SEATTLE (AP) — After a massive toxic algae bloom closed lucrative shellfish fisheries off the West Coast last year, scientists are turning to a new tool that could provide an early warning of future problems.

Scientists at the National Oceanic and Atmospheric Administration and the University of Washington last week deployed the so-called ocean robot about 50 feet into waters off the coast of La Push, near a known hotspot for toxic algae blooms.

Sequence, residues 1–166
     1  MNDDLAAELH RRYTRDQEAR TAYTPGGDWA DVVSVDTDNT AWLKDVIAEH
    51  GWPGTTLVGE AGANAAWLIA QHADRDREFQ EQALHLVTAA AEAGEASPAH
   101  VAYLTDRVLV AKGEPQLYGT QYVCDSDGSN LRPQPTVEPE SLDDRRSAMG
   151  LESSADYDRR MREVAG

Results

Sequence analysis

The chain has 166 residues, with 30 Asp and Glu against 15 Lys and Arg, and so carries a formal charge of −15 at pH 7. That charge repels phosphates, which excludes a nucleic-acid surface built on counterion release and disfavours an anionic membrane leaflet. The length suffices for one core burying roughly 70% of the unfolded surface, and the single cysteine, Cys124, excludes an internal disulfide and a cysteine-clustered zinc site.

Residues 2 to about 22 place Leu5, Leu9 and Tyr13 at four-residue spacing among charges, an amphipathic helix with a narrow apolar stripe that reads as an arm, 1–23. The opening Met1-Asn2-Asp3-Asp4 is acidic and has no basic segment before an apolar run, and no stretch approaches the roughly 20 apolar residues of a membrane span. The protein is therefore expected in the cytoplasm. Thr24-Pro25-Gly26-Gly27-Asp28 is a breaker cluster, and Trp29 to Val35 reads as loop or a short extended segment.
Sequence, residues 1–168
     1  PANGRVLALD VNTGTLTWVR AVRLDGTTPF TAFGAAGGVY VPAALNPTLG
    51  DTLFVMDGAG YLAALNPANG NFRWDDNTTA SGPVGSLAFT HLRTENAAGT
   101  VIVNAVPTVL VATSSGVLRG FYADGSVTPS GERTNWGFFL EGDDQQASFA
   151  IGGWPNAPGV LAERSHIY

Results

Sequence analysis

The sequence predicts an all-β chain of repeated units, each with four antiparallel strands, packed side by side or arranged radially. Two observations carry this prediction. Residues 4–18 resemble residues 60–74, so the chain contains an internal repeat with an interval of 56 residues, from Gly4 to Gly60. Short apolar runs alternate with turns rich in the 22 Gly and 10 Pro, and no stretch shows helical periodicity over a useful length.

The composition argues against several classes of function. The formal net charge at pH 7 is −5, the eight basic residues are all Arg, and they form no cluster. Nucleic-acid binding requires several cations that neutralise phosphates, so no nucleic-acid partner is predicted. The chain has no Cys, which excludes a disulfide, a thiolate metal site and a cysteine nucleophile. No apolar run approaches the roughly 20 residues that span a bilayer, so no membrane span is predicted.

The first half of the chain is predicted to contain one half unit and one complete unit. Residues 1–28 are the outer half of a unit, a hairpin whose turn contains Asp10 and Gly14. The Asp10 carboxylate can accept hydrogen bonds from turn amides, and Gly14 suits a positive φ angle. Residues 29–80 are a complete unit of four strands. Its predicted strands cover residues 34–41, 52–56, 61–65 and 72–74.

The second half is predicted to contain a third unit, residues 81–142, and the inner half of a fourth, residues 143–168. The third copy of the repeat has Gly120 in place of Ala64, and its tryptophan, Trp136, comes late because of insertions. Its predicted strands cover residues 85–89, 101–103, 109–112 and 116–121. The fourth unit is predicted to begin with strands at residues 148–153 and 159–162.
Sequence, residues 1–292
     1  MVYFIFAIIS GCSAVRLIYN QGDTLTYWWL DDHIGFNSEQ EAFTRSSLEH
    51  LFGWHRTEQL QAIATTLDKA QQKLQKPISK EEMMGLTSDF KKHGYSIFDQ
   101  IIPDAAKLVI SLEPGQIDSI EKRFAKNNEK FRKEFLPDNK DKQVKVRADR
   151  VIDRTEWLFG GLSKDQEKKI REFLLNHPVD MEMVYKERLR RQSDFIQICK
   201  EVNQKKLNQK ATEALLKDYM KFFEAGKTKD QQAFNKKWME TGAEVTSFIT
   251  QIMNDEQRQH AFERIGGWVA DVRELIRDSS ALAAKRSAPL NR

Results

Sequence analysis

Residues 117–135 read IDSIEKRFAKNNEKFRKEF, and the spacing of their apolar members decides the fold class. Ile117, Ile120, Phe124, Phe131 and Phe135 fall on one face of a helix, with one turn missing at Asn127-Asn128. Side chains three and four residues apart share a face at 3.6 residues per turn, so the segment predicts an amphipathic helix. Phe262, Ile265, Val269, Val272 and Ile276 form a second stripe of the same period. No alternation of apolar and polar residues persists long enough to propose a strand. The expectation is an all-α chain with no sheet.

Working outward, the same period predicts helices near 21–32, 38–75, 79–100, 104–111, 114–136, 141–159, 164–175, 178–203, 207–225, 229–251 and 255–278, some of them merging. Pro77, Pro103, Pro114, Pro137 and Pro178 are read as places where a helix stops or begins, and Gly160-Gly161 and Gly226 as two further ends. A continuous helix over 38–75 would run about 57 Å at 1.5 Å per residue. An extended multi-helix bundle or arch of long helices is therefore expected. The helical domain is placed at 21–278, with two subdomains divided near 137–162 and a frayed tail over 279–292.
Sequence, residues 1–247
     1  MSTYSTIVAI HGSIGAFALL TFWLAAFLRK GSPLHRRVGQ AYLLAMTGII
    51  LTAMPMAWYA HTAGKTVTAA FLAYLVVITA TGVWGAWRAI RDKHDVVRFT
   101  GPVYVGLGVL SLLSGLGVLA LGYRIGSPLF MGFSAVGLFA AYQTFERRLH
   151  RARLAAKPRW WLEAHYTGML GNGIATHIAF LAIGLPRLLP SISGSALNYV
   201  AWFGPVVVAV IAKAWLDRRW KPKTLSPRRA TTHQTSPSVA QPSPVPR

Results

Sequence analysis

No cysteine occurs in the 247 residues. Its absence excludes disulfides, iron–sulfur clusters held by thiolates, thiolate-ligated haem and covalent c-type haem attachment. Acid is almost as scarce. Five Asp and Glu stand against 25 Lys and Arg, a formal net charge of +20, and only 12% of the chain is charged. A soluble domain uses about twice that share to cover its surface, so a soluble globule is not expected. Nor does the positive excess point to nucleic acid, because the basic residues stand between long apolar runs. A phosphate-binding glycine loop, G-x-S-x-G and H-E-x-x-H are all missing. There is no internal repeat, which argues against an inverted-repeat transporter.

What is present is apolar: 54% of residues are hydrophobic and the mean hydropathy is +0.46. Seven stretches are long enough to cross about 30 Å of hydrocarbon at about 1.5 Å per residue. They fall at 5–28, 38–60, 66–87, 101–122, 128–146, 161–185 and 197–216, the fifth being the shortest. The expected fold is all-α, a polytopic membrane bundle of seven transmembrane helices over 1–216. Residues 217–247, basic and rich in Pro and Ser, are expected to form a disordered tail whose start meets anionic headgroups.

The tool, dubbed "a laboratory in a can," will remain in the water until mid-July, providing real-time measurements about the concentrations of six species of microscopic algae and toxins they produce, including domoic acid.

Scientists also plan to put the instrument back out in the ocean in the fall.

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